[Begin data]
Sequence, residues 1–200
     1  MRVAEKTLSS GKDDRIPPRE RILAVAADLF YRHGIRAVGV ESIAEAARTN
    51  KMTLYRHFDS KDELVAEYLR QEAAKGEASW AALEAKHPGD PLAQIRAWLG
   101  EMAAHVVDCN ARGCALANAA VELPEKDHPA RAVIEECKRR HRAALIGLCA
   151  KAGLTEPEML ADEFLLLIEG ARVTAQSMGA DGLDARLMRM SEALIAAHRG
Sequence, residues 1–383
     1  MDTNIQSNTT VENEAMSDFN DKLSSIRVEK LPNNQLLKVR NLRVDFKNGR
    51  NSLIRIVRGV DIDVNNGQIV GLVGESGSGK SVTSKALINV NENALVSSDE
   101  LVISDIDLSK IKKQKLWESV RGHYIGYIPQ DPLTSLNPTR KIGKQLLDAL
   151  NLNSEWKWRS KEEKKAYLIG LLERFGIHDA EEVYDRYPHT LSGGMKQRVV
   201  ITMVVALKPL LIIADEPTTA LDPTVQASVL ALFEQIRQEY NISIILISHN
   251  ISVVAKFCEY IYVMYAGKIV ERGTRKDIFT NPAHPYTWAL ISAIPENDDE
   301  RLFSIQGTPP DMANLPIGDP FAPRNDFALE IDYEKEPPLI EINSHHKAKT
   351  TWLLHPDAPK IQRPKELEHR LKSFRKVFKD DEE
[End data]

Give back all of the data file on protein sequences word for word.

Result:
Sequence, residues 1–200
     1  MRVAEKTLSS GKDDRIPPRE RILAVAADLF YRHGIRAVGV ESIAEAARTN
    51  KMTLYRHFDS KDELVAEYLR QEAAKGEASW AALEAKHPGD PLAQIRAWLG
   101  EMAAHVVDCN ARGCALANAA VELPEKDHPA RAVIEECKRR HRAALIGLCA
   151  KAGLTEPEML ADEFLLLIEG ARVTAQSMGA DGLDARLMRM SEALIAAHRG
Sequence, residues 1–383
     1  MDTNIQSNTT VENEAMSDFN DKLSSIRVEK LPNNQLLKVR NLRVDFKNGR
    51  NSLIRIVRGV DIDVNNGQIV GLVGESGSGK SVTSKALINV NENALVSSDE
   101  LVISDIDLSK IKKQKLWESV RGHYIGYIPQ DPLTSLNPTR KIGKQLLDAL
   151  NLNSEWKWRS KEEKKAYLIG LLERFGIHDA EEVYDRYPHT LSGGMKQRVV
   201  ITMVVALKPL LIIADEPTTA LDPTVQASVL ALFEQIRQEY NISIILISHN
   251  ISVVAKFCEY IYVMYAGKIV ERGTRKDIFT NPAHPYTWAL ISAIPENDDE
   301  RLFSIQGTPP DMANLPIGDP FAPRNDFALE IDYEKEPPLI EINSHHKAKT
   351  TWLLHPDAPK IQRPKELEHR LKSFRKVFKD DEE